perhaps adding further circumstantial evidence to the notion that Hiss made the
first-issue state plates as well.  It certainly seems reasonable that a notable local
company producing plates for the state capitol in 1907 would be a strong
contender for the state contract the following year, particularly since the officials
making these decisions were probably there in Columbus as well.

It took a while for automobile owners to conform to the new law, as was the case
in every other state at the beginning.  Newspapers in August and September of
1908 were reporting that many owners had not yet registered their vehicles, and
that others were driving with only one plate on their car, in violation of the state
law.  Interestingly, anybody who was required to purchase a license in the city
they lived in was exempt from the state law in 1908, so vehicle owners in most of
the large cities in Ohio did not receive the new undated porcelains.  Beginning
January 1, 1909, however, this exemption was taken away, and all automobile
owners had to register for and obtain Ohio plates.  By mid-1909, there were more
than 17,000 registered vehicles in use in Ohio, and by the end of the year, the
number was said to be some 23,000.  In the summer of 1909, it was reported that
fakes were being manufactured out of Dayton, but they were fairly easy to detect
as they were black instead of blue, and the “H” inside the encircling “O” was
horizontal instead of vertical.

In 1910, the first dated plates were issued.  
These plates are distinctive because of their
unusual mahogany woodgrain background, a
design that only one other porcelain license
plate is known to have adopted – the 1912
Pennsylvania plate.  In the fall of 1909, the
state sought bids to produce the 1910 plates.  
At the time, the Ohio porcelains were costing
the state fifty cents a pair, and bids for the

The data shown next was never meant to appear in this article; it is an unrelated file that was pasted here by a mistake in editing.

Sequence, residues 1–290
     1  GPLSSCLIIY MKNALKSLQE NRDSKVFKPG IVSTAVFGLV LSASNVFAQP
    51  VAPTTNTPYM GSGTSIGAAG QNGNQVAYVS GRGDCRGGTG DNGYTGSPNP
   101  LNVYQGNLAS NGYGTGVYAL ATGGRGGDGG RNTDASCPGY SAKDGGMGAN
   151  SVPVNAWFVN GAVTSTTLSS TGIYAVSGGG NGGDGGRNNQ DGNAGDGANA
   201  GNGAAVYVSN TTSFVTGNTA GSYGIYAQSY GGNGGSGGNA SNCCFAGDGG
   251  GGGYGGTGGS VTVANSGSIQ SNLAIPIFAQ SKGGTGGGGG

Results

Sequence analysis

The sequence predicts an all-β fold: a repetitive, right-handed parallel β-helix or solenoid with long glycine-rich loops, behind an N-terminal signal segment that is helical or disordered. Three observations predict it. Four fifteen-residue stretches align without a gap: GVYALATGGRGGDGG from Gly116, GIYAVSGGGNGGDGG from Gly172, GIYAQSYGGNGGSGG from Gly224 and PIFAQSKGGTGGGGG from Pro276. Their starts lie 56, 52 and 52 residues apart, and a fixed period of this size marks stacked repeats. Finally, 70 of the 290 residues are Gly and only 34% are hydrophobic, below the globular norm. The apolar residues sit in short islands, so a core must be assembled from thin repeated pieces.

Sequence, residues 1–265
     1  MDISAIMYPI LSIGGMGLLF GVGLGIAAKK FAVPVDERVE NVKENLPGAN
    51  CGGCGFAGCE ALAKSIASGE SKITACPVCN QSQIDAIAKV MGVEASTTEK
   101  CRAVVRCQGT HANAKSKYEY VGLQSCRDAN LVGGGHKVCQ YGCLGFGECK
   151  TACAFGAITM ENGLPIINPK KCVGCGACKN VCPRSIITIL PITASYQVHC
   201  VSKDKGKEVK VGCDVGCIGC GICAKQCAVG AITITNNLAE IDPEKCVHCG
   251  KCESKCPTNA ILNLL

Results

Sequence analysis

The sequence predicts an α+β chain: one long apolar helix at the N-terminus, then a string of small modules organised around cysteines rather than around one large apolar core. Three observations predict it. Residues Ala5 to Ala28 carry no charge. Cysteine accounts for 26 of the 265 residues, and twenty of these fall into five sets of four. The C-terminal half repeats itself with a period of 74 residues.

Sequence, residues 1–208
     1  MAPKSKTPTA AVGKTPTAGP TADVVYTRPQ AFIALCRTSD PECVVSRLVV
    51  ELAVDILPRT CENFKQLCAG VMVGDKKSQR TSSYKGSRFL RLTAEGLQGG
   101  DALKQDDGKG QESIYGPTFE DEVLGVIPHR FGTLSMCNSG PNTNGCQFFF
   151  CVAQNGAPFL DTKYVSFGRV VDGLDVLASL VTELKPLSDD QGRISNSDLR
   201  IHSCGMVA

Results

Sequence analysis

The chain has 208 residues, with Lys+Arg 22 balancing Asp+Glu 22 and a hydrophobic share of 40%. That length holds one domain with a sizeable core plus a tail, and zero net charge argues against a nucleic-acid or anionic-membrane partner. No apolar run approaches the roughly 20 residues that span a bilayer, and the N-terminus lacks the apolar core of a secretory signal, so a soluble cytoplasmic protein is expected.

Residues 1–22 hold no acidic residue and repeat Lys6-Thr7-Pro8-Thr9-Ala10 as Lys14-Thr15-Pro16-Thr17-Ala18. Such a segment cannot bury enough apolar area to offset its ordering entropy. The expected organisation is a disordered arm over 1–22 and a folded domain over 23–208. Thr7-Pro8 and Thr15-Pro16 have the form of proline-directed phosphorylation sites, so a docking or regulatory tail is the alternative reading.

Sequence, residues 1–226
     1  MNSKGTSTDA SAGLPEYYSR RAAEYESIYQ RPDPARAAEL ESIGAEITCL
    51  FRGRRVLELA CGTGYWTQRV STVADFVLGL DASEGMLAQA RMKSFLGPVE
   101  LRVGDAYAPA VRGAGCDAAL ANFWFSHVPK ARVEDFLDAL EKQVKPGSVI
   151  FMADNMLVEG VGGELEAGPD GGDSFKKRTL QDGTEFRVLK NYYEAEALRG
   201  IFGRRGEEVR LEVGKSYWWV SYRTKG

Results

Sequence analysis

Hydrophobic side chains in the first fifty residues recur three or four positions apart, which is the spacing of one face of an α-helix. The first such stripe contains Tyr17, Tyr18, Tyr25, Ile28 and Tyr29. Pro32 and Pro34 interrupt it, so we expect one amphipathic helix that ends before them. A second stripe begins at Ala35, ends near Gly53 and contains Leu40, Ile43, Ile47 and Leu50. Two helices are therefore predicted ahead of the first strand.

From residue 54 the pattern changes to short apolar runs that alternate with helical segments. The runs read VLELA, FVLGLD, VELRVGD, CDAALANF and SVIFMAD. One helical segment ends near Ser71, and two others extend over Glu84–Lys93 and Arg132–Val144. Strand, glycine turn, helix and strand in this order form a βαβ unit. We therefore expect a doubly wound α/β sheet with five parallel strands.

new plates ranged from thirty to fifty cents as
well, the highest coming from the West Lafayette Enamel Company.  Upon
receiving the bids, the state turned the matter over to the Ohio State University
ceramic department which had the duty of testing samples and presenting a
report to the state before the winning bid would be selected.  Although the
winning manufacturer is unknown, the plates were produced for thirty-three
cents a pair, and the Ohio press heralded the attractiveness of these new plates
with headlines such as “New Auto Tag is Beauty.” In the end, just shy of 23,000
pairs of plates were issued in 1910.  It is notable to specialists that the numeral 1
in the date underwent a slight change over the course of the year, with earlier
issues having a notch in the top of the numeral, while later issues carried a
simple straight line.

In the summer of 1910, bids were solicited to
produce 25,000 pairs of Ohio’s third and final
state-issued porcelain plates.  As with the
1910 plates, the manufacturers who wished to
be considered for the state contract had to
supply samples of their materials, which were
put through a battery of tests.  Five
competing firms supplied samples, and as the
“Van Wert Daily Bulletin” reported of the
ensuing tests, “the automobile tags which the
state will furnish next year will stand weather,
the vapor from the exhaust pipe and even
smashups... The enameled plates were given
a boiling water test; a boiling acid test, acid vapor test and an impact test.”  The
impact test is perhaps the most interesting, as it consisted of a succession of
blows from a one-kilogram hammer.  The first plate broke after 25 blows, the
second after 40, the third after 50, and the fourth after 60.  The most durable plate
– supplied by the Ingram-Richardson Manufacturing Company of Beaver Falls,
Pennsylvania – took 100 blows from the hammer before breaking.  Ing-Rich
received the state contract and supplied the 1911 plates at a cost of thirty-one
cents a pair.  For whatever reason, the maker's mark was absent from the backs